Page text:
WORLD AFFAIRS.  The evidence is beginning to look persuasive. A year ago, the suggestion that Ukraine would be better off without the Russian-occupied bits of Luhansk and Donetsk provinces provoked cries of treason. No more. The view has become legitimate, and it may even be winning the day.

A May 2015 public opinion survey by the Sofia Center for Social Research showed that 61.8 percent of Ukrainians would be willing to give up the occupied territories in exchange for peace. Only 22.9 percent supported continuing military operations until the region’s full liberation. (The survey was not conducted in Crimea or the occupied territories.)

My own conversations—with experts, family members, friends, and colleagues—in June and July in Ukraine revealed only one die-hard supporter of Ukraine’s holding on to the enclave at all costs: a young television journalist. Indeed, I was struck by the prevailing view: people were tired of war, shocked and saddened by the killing and dying, and repulsed by the Russian separatists and their many supporters within the enclave’s population. I’m not exaggerating when I say that the Ukrainians I spoke to felt zero loyalty to it.

Now two highly authoritative voices have joined the growing chorus of anti-enclave sentiments.

On August 3rd, Volodymyr Lanovyy, the liberal economist who served as vice prime minister and minister of the economy in 1992, argued that, by maintaining economic relations with the enclave, Kyiv was effectively financing the enemy that was daily killing its soldiers. According to Lanovyy: “At present, Crimea and the Donetsk-Luhansk enclave have de facto stopped being internal regions of Ukraine.” Given that Russia controls the border, the “occupied lands of Crimea and the Donbas have provisionally entered the political and economic space of the aggressor country”—Russia. Given also that the Ukrainian authorities hold no sway in the enclave, it follows that “all talk of trade, subsidies to the coal mines, salaries to state employees, state-funded pensions according to Ukraine’s norms are simply out of place.”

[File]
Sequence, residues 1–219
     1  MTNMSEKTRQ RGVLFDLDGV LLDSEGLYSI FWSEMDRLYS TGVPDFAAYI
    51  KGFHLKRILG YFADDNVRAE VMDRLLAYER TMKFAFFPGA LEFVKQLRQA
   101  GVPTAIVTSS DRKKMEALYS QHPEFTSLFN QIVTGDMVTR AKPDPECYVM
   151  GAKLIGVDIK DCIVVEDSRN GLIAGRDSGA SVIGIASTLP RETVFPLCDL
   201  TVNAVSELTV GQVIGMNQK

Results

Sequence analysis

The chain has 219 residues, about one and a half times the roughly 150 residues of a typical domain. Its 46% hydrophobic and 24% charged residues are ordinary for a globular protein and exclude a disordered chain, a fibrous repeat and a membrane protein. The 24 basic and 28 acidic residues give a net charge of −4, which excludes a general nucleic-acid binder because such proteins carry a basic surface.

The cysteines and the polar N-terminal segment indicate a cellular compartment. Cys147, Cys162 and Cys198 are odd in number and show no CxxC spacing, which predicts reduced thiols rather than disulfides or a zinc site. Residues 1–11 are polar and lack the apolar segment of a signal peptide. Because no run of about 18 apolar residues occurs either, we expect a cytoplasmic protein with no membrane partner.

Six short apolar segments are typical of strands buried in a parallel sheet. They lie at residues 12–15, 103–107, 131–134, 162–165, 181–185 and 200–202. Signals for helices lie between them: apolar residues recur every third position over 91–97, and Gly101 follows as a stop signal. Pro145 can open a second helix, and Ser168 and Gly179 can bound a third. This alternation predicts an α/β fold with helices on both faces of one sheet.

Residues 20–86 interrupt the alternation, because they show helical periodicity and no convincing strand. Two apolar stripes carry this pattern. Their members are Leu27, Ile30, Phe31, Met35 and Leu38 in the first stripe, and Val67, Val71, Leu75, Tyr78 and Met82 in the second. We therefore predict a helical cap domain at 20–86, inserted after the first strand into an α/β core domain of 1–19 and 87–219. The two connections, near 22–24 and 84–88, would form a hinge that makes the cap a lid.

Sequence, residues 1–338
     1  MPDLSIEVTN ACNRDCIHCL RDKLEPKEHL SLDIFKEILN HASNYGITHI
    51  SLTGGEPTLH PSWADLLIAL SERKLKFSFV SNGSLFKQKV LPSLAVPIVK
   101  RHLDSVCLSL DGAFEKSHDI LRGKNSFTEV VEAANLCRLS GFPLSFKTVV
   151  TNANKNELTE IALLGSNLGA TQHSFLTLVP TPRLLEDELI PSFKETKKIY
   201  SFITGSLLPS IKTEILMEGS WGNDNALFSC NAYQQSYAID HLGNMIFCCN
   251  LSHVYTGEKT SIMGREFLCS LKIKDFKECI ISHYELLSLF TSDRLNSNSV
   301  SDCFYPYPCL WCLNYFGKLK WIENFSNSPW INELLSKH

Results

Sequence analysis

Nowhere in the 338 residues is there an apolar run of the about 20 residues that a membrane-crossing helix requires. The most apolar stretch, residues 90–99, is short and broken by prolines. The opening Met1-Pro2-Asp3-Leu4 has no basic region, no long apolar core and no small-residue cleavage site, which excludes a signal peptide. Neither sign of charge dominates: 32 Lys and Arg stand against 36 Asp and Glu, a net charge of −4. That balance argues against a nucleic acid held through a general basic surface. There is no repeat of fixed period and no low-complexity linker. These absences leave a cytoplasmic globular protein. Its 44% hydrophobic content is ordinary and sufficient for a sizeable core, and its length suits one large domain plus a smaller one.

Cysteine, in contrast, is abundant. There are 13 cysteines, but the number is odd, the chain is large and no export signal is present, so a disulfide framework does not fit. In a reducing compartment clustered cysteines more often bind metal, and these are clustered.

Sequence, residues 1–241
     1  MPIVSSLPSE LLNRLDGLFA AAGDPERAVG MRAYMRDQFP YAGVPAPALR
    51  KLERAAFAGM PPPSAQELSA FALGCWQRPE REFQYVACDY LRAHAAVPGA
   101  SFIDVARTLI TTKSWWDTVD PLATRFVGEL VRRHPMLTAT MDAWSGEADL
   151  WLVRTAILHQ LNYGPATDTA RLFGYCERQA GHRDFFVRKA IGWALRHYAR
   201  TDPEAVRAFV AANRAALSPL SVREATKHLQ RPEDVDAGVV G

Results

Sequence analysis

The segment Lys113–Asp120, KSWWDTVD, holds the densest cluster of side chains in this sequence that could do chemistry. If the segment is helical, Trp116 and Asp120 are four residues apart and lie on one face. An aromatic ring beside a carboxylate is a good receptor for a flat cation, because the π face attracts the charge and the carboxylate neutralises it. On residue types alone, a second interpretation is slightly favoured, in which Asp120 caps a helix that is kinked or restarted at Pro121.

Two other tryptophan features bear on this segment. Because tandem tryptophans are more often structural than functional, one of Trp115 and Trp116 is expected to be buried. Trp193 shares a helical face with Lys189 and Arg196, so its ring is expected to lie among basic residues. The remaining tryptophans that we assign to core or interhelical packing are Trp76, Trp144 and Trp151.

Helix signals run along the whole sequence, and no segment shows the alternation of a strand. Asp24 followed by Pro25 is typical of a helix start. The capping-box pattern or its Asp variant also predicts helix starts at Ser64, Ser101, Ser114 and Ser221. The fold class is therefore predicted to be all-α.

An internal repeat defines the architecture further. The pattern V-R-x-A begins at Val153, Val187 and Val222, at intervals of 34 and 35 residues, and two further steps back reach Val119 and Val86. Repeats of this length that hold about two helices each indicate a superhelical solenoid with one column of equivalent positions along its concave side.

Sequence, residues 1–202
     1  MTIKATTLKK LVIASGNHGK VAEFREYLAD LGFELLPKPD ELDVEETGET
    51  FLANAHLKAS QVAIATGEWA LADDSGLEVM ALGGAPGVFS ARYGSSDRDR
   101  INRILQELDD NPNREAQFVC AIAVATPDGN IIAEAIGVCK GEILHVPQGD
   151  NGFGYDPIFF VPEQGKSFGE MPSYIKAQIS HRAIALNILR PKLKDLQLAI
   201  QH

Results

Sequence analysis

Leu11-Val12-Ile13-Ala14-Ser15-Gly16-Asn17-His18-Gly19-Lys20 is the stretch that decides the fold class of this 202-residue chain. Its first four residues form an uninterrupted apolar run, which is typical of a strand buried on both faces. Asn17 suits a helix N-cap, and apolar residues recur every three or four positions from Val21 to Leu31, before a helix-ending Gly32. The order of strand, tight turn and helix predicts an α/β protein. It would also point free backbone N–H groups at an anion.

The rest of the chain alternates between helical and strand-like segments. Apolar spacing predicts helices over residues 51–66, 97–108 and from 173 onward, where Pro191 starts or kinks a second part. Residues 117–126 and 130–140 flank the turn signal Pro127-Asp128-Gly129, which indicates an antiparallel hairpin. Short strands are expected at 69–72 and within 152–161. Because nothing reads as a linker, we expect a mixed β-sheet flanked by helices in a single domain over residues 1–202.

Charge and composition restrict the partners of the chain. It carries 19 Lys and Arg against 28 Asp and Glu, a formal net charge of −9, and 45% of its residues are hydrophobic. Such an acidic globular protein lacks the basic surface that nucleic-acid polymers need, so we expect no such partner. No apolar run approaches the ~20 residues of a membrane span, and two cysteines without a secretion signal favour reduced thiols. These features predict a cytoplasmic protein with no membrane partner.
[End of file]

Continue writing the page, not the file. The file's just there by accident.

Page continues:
Then, on August 17th, independent Ukraine’s first president, Leonid Kravchuk, stated the following:

We should finally make an important political decision. We should state that the line of demarcation in the Donbas is the provisional line of separation between the occupied territories of Luhansk and Donetsk provinces and Ukraine. We [should] sever all economic and political relations with these regions controlled by the militants and Russia. They seized power by force. I believe we should give them the opportunity to administer these territories, and life will then test their talents.

All talk of the fact that our people live there and that they should be helped must be removed from the order of the day. This humanism and tears in general give Ukraine nothing. Today, as a result of Russia’s influence, a cancerous growth has formed on this territory. This growth can be eliminated only by surgery and nothing else.

These are strong and unambiguous words. No less important, their author is Kravchuk. Is the architect of Ukraine’s independence and the Soviet Union’s dissolution in 1991 speaking only for himself? Could be. But nothing is ever quite that simple in Ukraine, especially as Lanovyy served as Kravchuk’s economy minister. Are the two coordinating their messages? Are they speaking for some faction in the government?

Their statements are either trial balloons or a harbinger of things to come. Either way, the enclave’s days as a cancer in Ukraine’s body may be limited.














Ukrayinska Dumka


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